In other organizations, too much change is undertaken too quickly, both internally and externally. These businesses launch sweeping digital initiatives that aren’t backed by well-thought-out strategies. They also fail to evaluate the competitive landscape thoroughly. They focus on trying to outpace known and well-established rivals, and overlook or underestimate emerging players that have the potential to disrupt the marketplace and erode their market share.

In both examples, these businesses are making digital journeys with blinders on. One group is focused on short-term wins that don’t spark meaningful or lasting change. The other group is barreling toward a finish line in a race without an end, paying little or no attention to emerging threats and changing conditions in the field around them. In either case, the decisions these companies make are unlikely to position them for long-term digital success. I suggest a better approach below.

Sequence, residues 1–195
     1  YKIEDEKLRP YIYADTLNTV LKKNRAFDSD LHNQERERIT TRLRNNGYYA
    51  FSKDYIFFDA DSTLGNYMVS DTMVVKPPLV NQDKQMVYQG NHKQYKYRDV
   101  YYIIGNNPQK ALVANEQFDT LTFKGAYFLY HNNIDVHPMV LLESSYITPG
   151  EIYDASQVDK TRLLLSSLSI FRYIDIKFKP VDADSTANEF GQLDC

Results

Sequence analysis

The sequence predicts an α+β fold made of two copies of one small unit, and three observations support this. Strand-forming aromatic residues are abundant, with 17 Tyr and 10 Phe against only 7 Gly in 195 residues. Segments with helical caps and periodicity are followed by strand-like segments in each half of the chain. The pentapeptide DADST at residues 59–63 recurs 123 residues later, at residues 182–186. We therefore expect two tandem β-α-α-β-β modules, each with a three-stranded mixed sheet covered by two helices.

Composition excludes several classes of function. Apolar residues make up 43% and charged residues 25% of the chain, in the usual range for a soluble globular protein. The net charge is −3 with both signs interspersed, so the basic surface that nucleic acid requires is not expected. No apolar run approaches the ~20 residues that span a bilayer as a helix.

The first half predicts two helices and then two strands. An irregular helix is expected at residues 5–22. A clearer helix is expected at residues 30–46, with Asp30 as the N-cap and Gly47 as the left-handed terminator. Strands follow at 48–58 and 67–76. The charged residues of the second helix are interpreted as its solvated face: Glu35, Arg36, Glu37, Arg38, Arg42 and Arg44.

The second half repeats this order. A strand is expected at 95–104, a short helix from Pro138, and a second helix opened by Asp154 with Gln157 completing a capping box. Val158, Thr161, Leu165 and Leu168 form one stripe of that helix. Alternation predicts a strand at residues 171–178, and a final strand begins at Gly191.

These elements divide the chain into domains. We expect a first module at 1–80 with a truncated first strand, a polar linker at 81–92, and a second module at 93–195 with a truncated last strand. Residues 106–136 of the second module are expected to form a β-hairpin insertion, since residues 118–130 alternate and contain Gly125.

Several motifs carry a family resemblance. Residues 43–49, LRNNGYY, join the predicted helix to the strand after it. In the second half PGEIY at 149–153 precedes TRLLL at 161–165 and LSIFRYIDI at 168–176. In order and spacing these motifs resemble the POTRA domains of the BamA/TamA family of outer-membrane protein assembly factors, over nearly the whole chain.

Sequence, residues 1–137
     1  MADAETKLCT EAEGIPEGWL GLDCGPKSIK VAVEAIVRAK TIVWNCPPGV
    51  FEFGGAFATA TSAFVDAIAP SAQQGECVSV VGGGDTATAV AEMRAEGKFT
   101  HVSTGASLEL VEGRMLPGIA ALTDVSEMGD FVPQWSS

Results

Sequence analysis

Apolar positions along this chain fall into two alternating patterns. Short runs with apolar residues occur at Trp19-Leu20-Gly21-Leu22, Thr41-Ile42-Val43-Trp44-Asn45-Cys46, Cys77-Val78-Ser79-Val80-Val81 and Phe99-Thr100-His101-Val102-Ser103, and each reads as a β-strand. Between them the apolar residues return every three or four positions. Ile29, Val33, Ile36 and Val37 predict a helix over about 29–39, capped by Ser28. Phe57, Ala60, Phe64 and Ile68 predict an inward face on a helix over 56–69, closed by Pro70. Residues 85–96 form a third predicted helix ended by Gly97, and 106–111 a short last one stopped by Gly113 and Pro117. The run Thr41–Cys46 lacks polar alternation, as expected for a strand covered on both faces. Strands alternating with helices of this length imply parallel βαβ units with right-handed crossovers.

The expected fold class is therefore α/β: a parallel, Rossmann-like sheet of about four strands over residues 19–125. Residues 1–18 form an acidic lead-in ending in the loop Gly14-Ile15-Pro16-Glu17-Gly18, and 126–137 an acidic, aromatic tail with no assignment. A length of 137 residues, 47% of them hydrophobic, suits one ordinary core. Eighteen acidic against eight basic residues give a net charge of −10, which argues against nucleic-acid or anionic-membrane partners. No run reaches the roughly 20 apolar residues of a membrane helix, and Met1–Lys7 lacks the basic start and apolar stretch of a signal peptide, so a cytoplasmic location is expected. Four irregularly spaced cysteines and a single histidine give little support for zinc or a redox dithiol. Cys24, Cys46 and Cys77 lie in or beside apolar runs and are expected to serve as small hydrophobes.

Look inward first

Using technology to improve operations internally is one way for companies to further their digital transformation and bring it to a broader scale. Evolving internally builds a safe foundation that can support their external evolution. For example, a business that has the right digital processes in place and is not burdened by legacy IT systems undermining its agility can score a number of operational successes — from simplifying or automating repetitive or labor-intensive business processes to implementing new tools to enhance workforce communication and collaboration. These successes can then be translated externally into the ability to innovate quickly, deliver better service to customers and meet the expectations of stakeholders.

I recommend reading Protiviti’s white paper, Catching the Digital Wave of Change, which explains how the way a business embraces technology can, in turn, help to change the way employees and customers perceive the organization. Change from the inside shines to the outside.

Tear off the blinders